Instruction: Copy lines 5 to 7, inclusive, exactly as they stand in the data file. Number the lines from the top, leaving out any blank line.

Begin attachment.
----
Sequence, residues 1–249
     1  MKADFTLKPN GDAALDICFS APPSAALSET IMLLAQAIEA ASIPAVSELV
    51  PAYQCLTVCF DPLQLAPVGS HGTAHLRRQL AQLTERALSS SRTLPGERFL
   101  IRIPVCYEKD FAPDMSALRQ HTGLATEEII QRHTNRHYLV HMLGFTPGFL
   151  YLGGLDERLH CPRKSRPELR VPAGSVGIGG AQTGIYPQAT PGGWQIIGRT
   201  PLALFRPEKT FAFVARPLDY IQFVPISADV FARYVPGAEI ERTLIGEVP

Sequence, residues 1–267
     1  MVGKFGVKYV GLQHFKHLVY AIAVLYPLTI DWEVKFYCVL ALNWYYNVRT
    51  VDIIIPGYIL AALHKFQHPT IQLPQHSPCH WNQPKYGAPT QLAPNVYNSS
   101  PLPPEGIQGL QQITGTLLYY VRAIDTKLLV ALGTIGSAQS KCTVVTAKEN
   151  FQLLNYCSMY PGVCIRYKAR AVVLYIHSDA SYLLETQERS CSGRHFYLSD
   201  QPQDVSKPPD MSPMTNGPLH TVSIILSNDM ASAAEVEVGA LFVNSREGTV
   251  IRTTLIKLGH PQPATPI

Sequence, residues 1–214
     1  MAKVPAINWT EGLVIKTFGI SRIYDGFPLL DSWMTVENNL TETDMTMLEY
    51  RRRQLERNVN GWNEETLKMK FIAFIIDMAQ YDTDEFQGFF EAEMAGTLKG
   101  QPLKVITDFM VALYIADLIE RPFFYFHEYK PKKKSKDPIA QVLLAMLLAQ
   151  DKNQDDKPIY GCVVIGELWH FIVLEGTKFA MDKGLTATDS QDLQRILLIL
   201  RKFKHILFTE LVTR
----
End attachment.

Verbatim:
   151  YLGGLDERLH CPRKSRPELR VPAGSVGIGG AQTGIYPQAT PGGWQIIGRT
   201  PLALFRPEKT FAFVARPLDY IQFVPISADV FARYVPGAEI ERTLIGEVP

Sequence, residues 1–267